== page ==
SUNYA LECTURE: WHAT IS SUNYA?
Updated: Jan 28
With this, we are going into the formal teachings of Sunya. Right from the basics, all the way up to the advanced level. Sunya is based on the teachings in Maha Anapana Smrti. Maha means great or advanced, Anapana means breathing in and out, and Smrti means to hold your mind in focus without exerting any effort. It is the spontaneous focus of our minds. This could be mistaken for the word “mindfulness,” which has a completely different meaning.
If you are exerting a substantial amount of effort to carry out meditation, then you must be doing it wrong. Smrti is a compressed word, but when we expand the meaning, it actually means Samatha Vipasyana. Samatha is a practice that leads to a tranquil and serene state of mind. Vipasyana is the act of observing introspectively. You must never put in a great deal of effort to practice Vipasyana. It is used to calming down your mind. The more effort you put into it, the more confused your mind gets, and this completely beats the chief principle of Vipasyana.
Unfortunately, due to the erroneous interpretation of these words, many meditation schools practice a stern and rigorous method, including sitting with your legs crossed for hours together. They force students to spend a great deal of time in meditation. Due to their training rigidity, many practitioners tend to be filled with emotions and do not have a calm state of mind.
In basic Samatha Vipasyana or BSV, we focus on harmonizing our mind and body. This is the real form of yoga. After synchronizing your mind and body, you need to do your duty and interact with the surrounding environment. That is called Maha Samatha Vipasyana or MSV. By environment, we mean anything outside your mind and body. The right practice of Sunya does not involve any excessive effort in any practice.
Practicing Sunya is like tuning a guitar. If you tune it too hard, the string may break. But if the string is too loose, you cannot play music. Meditation is not to train you to go to sleep, but on the contrary, it is to train you to stay awake. Therefore, the right amount of effort is crucial and pivotal. So, what is the right effort in Sunya training? Initially, we ask our students to reverse the count from 99 to 0. One count for every breath they take. This takes around 12 to 15 minutes. For those who cannot do it, we ask them to reduce the count to 30 and reverse the count from 29 to 0.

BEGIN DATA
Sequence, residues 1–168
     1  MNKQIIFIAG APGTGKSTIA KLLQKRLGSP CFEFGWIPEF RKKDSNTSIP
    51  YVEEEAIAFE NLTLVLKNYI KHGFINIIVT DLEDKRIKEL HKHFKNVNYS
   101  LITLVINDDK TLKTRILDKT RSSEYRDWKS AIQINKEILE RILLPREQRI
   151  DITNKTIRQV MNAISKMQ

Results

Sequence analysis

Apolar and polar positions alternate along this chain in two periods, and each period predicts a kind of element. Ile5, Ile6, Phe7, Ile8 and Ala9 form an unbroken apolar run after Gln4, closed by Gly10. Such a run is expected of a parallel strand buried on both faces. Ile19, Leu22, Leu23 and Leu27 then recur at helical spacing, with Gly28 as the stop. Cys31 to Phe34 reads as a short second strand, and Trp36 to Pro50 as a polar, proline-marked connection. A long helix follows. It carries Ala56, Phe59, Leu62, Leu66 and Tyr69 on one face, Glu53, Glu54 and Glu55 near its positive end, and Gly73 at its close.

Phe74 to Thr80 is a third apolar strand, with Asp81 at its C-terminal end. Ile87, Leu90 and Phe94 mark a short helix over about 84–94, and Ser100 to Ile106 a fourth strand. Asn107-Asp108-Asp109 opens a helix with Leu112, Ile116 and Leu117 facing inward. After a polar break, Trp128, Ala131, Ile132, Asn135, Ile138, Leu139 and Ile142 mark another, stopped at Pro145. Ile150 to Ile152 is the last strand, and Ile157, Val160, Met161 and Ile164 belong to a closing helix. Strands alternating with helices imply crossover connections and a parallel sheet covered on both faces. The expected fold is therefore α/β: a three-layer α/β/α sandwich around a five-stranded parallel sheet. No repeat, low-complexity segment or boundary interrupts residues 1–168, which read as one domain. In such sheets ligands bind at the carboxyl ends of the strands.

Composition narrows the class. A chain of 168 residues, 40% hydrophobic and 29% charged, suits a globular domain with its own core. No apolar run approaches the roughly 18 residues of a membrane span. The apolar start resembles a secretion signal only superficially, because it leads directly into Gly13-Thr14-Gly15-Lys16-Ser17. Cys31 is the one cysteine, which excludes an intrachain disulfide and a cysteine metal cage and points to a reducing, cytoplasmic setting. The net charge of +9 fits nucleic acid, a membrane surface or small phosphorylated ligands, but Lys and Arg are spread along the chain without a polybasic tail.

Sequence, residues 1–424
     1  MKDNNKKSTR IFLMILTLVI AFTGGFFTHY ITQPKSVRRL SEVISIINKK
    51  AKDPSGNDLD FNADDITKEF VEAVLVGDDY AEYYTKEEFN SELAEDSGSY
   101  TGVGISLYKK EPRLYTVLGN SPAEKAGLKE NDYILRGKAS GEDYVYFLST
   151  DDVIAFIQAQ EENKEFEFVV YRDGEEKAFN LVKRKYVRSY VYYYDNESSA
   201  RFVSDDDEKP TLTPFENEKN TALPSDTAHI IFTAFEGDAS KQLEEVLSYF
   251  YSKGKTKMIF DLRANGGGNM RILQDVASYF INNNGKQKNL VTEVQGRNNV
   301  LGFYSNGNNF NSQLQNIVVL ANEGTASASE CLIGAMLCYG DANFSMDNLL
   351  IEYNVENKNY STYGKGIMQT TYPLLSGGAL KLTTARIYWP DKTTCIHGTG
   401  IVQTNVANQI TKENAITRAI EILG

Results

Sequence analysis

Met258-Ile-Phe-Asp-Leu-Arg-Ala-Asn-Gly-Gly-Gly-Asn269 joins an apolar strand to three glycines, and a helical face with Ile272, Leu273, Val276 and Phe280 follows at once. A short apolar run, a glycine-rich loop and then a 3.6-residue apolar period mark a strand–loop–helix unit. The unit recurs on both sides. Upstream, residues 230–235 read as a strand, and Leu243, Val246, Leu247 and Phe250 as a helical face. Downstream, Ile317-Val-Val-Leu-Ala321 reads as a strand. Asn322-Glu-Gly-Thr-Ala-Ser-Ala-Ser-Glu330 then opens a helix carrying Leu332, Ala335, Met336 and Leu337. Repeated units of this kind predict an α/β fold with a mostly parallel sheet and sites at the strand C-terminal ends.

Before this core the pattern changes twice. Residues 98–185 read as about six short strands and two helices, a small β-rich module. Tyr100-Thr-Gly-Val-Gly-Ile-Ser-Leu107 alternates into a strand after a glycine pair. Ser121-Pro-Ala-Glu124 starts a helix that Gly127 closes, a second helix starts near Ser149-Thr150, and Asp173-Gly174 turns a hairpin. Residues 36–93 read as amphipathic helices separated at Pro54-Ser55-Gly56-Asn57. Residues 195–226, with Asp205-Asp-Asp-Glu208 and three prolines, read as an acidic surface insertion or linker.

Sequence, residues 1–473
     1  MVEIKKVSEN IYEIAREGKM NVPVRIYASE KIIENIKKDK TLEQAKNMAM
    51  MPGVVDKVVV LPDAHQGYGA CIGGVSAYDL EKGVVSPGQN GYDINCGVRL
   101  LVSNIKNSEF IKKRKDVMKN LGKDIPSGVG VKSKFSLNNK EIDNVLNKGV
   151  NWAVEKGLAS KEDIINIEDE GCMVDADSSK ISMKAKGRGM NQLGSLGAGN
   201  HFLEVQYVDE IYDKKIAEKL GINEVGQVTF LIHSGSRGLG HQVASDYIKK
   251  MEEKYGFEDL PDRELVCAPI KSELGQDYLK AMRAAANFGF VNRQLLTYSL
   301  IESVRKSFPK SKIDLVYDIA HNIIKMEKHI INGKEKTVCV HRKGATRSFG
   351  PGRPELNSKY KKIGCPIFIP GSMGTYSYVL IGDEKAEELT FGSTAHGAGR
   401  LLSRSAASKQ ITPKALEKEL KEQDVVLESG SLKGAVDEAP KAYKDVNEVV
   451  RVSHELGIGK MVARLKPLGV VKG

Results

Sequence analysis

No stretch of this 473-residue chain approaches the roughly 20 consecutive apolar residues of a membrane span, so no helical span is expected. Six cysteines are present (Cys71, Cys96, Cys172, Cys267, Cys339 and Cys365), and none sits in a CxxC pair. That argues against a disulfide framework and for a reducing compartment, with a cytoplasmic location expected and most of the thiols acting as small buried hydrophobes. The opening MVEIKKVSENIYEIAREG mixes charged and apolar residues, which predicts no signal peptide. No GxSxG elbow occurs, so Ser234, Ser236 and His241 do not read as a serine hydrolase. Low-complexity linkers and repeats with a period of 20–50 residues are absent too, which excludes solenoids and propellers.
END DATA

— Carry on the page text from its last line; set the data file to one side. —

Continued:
Many people ask me what the best time is to practice Sunya. Any time of the day that you feel is okay to dedicate to Sunya is the best time. You should avoid doing it before or after a shower, before or after a heavy meal, and before or after a heavy exercise session. During Sunya, the pores on our skin open up to breathe in and out and detox waste. The most important lesson and advice that I will give you today are not to put too much effort while practicing Sunya. Another common question I get is if a woman on her period could practice Sunya. The answer is definitely yes, as Sunya does not harm the body or the menstrual cycle.
As claimed by modern-day gurus, miraculous abilities do occur with the power that your mind releases when you detach yourself from disturbances in mind. But these “miraculous abilities” are not possible in real life. Sunya’s only aim is to attain peace and prosperity. How far can you go if you practice Sunya regularly? According to Buddha, you can go very far. In this life, you can achieve Arhant's state, meaning a person who is free and can enter and leave this world as per his wish.
Achieving peace of mind and showing love to your fellow beings is what Sunya stands for. Words like Samatha Vipasyana have been derived from Sanskrit, but you do not need to learn the language. Any language cannot describe the peace and serenity that we obtain.